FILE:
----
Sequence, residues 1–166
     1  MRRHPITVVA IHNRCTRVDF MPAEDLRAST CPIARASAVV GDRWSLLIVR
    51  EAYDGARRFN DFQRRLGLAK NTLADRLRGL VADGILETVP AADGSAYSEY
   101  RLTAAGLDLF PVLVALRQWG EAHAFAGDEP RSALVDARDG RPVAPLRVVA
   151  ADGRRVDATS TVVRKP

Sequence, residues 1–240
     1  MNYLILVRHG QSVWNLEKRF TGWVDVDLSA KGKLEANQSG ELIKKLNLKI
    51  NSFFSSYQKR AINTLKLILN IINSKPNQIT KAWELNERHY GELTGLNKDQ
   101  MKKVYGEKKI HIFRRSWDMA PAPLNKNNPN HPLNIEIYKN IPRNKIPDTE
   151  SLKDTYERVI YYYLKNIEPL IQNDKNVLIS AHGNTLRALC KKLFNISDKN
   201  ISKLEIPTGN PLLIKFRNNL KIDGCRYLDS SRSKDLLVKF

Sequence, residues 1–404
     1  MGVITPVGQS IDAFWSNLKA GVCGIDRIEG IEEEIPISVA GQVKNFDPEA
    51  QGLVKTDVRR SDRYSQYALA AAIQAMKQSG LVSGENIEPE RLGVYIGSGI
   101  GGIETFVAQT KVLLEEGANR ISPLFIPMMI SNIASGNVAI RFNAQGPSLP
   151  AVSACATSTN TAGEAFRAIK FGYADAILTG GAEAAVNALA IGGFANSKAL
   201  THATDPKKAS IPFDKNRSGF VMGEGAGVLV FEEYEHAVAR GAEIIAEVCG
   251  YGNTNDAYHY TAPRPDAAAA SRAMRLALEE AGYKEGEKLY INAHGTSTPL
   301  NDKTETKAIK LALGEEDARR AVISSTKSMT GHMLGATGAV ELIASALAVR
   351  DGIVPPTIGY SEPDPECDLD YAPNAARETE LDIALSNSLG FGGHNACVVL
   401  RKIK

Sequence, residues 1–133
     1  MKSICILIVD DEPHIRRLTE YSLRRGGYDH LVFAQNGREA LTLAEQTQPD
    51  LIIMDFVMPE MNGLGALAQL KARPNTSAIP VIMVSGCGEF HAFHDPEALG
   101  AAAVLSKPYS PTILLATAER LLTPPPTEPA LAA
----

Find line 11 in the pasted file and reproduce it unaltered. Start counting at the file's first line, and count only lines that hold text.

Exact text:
   201  ISKLEIPTGN PLLIKFRNNL KIDGCRYLDS SRSKDLLVKF